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2.01 Straight line graphs


A linear relationship is any formula or equation whose graph is a straight line. 

For example, the equation $y=3x-5$y=3x5 describes the linear relationship between two variables $x$x and $y$y. We call $y$y the dependent variable, because its value 'depends' on the value of $x$x, which is the independent variable. In the example below, we will see that the graph of $y=3x-5$y=3x5 is a straight line.

Most of the linear relationships we encounter will have two variables. While a linear relationship can have just one variable (i.e. $y=4$y=4), it can never have more than two variables. 

The equation $y=3x-5$y=3x5 is also known as a linear function, where $x$x is the input to the function and $y$y is the output. There is more information about mathematical functions in the information panel below.

Linear relationships and their graphs can be used to describe or model many different real world situations. For example:

  • The cost of filling a car with fuel
  • Converting between currencies
  • Income and expense analysis
  • Distance-time relationships

To graph a linear relationship, we start with a table of values.


Creating a table of values

table of values displays a set of numerical values for two variables, often represented by $x$x and $y$y. Each $x$x-value is related in some way to the $y$y-value immediately below it in the table. As an example, a table of values might look like the following:


$x$x $3$3 $6$6 $9$9 $12$12
$y$y $10$10 $19$19 $28$28 $37$37

A table of values, created using an equation, forms a set of points that can be plotted on a coordinate plane. A line, drawn through the points, becomes the graph of the equation.


We'll begin by creating a table of values for the following equation:


The first row of the table will contain values for the independent variable (in this case, $x$x). The choice of $x$x-values is often determined by the context, but in many cases they will be given. To find the corresponding $y$y-value, we substitute each $x$x-value into the equation $y=3x-5$y=3x5.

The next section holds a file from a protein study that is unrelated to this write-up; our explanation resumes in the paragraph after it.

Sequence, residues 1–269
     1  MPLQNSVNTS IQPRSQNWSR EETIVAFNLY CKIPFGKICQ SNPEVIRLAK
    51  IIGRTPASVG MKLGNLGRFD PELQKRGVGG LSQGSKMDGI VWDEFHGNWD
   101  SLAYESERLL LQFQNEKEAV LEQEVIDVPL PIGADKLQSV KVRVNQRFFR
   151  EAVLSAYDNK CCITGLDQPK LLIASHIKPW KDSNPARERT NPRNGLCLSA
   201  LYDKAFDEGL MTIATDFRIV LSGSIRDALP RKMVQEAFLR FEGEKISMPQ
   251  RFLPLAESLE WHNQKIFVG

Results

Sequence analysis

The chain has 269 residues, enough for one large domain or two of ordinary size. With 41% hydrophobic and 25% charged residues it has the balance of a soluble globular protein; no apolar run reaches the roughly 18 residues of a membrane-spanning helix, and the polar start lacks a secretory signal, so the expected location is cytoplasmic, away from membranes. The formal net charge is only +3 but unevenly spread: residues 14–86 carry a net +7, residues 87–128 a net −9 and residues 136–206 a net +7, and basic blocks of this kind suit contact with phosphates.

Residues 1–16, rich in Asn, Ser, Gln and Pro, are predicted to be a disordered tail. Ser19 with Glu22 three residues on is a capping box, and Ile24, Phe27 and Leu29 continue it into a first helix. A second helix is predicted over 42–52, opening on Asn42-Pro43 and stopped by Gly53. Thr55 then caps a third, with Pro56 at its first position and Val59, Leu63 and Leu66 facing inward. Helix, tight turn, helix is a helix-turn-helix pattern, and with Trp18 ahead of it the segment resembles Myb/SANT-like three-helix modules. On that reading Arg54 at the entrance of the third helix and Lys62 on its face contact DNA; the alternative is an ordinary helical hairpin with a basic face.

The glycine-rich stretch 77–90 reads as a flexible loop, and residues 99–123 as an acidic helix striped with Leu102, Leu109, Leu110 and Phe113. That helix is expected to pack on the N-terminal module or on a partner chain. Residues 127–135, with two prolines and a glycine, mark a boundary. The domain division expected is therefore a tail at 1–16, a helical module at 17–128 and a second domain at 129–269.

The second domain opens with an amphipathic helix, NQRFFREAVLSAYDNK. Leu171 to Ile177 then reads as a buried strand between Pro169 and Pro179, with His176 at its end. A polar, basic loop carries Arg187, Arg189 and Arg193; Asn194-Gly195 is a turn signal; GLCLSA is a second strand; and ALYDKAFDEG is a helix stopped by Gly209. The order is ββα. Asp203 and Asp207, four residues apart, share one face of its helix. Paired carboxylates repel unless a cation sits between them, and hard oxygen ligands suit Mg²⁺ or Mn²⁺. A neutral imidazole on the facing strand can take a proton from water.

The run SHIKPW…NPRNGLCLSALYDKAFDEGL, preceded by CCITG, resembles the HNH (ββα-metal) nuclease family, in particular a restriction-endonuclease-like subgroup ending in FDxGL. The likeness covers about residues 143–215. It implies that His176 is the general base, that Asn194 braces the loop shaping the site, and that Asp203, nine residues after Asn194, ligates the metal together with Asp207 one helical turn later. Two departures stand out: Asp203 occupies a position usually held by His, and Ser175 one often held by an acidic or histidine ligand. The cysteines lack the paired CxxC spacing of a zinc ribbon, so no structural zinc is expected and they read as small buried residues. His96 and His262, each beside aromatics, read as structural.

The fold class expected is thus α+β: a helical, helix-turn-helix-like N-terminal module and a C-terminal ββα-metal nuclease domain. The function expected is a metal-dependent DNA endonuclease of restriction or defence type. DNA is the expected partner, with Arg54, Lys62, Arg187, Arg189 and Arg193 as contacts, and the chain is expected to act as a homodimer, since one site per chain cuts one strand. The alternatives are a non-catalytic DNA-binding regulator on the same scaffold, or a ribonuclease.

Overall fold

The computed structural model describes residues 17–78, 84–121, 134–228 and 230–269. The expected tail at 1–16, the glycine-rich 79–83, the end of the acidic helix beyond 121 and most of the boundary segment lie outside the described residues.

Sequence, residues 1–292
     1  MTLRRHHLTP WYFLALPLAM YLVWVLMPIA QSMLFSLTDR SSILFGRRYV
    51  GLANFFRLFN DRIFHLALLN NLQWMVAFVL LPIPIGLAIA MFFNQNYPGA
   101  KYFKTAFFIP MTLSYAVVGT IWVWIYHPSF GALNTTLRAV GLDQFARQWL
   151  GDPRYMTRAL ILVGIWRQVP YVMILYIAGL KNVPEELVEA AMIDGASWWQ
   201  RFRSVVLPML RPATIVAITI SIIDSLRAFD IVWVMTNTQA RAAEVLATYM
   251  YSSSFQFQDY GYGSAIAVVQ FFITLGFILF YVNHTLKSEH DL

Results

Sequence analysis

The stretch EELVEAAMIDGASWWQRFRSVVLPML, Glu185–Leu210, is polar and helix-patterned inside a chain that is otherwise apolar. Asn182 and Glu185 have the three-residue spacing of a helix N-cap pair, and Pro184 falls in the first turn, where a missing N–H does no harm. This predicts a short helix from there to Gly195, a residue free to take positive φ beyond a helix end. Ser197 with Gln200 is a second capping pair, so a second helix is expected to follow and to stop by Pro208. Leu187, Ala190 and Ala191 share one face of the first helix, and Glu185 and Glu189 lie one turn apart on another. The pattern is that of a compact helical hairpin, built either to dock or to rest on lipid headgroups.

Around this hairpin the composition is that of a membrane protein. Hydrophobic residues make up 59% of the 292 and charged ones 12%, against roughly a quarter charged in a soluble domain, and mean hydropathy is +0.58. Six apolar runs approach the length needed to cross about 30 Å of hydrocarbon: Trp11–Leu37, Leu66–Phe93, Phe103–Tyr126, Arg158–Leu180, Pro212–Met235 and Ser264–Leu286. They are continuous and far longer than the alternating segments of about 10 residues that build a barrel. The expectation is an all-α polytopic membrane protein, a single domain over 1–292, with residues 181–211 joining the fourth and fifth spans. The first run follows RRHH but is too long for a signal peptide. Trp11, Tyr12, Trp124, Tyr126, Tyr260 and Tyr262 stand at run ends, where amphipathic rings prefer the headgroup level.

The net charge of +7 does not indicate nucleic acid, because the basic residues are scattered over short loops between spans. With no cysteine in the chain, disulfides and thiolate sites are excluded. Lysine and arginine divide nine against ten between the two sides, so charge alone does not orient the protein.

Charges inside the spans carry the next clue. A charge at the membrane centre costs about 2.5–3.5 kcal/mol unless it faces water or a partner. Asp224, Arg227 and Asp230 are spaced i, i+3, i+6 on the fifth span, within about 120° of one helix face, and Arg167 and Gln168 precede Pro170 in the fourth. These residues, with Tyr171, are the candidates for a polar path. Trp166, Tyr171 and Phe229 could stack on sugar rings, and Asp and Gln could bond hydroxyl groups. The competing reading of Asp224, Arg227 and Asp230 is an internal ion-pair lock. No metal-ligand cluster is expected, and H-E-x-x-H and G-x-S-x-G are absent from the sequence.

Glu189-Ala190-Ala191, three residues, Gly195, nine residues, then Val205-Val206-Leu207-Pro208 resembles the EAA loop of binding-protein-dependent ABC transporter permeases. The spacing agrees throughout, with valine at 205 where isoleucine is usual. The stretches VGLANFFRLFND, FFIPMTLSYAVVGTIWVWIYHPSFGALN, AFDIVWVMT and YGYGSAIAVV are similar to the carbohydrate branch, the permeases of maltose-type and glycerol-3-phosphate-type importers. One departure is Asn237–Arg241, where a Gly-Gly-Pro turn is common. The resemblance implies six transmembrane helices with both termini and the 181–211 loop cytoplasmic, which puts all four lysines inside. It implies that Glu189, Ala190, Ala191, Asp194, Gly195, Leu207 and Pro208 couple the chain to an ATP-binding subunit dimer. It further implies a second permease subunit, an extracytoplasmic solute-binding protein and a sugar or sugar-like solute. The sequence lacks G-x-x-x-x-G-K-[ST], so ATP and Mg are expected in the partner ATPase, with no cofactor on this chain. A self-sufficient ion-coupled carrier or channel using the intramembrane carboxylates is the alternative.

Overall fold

$x$x $1$1 $2$2 $3$3 $4$4

Substituting $x=1$x=1:

$y$y $=$= $3\left(1\right)-5$3(1)5
  $=$= $3-5$35
  $=$= $-2$2

So $-2$2 is the first entry in the row of $y$y-values, and corresponds with $x=1$x=1.

$x$x $1$1 $2$2 $3$3 $4$4
$y$y $-2$2      

Substituting $x=2$x=2:

$y$y $=$= $3\left(2\right)-5$3(2)5
  $=$= $6-5$65
  $=$= $1$1

So $1$1 is the second entry in the row of $y$y-values, and corresponds with $x=2$x=2.

$x$x $1$1 $2$2 $3$3 $4$4
$y$y $-2$2 $1$1    

Substituting the remaining values of $x$x, allows us to complete the table:

$x$x $1$1 $2$2 $3$3 $4$4
$y$y $-2$2 $1$1 $4$4 $7$7


Plotting points from a table of values

The $x$x and $y$y value in each column of the table can be grouped together to form the coordinates of a single point, $\left(x,y\right)$(x,y).

Each point can then be plotted on a coordinate plane.


Plotting points on a coordinate plane

To plot a point, $\left(a,b\right)$(a,b), on a coordinate plane, we first identify where $x=a$x=a lies along the $x$x-axis, and where $y=b$y=b lies along the $y$y axis. 

For example, to plot the point $\left(3,4\right)$(3,4), we identify $x=3$x=3 on the $x$x-axis and construct a vertical line through this point. Then we identify $y=4$y=4 on the $y$y-axis and construct a horizontal line through this point. The point where the two lines meet has the coordinates $\left(3,4\right)$(3,4).



If we draw a straight line through the points, we get the graph of $y=3x-5$y=3x5.

Notice that when drawing a straight line through a set of points, the line should not start and end at the points, but continue beyond them, across the entire coordinate plane. 


What is a function?

In Mathematics, a function describes how each element in one set of values (i.e. a set of $x$x values) relates to one and only one element in another set of values (i.e. a set of $y$y values). There are many different types of function, but a linear function always produces a straight line graph. 

It may be helpful to think of a function as a kind of machine. It takes a set of inputs ($x$x values), processes them, and produces a set of outputs ($y$y values). 

Note that all linear relationships, except for those that produce vertical straight line graphs, are linear functions.  For example, the equation $x=4$x=4 is a linear relationship because its graph is a vertical line, but it is not a linear function. The is because there are multiple, in fact an infinite number of $y$y values corresponding to a single $x$x value.


Practice Questions

Question 1

Consider the equation $y=4x$y=4x. A table of values is given below.

$x$x $-2$2 $-1$1 $0$0 $1$1
$y$y $-8$8 $-4$4 $0$0 $4$4
  1. Plot the points in the table of values.

    Loading Graph...

  2. Is the graph of $y=4x$y=4x linear?










Consider the equation $y=x+3$y=x+3.

  1. Complete the table of values below:

    $x$x $-2$2 $-1$1 $0$0 $1$1
    $y$y $\editable{}$ $\editable{}$ $\editable{}$ $\editable{}$
  2. Plot the points in the table of values.

    Loading Graph...

  3. Draw the graph of $y=x+3$y=x+3.

    Loading Graph...

Question 3

Consider the equation $y=-\frac{x}{7}$y=x7.

  1. Complete the table of values below:

    $x$x $-7$7 $-4$4 $-3$3 $0$0
    $y$y $\editable{}$ $\editable{}$ $\editable{}$ $\editable{}$
  2. Draw the graph of $y=-\frac{x}{7}$y=x7.

    Loading Graph...



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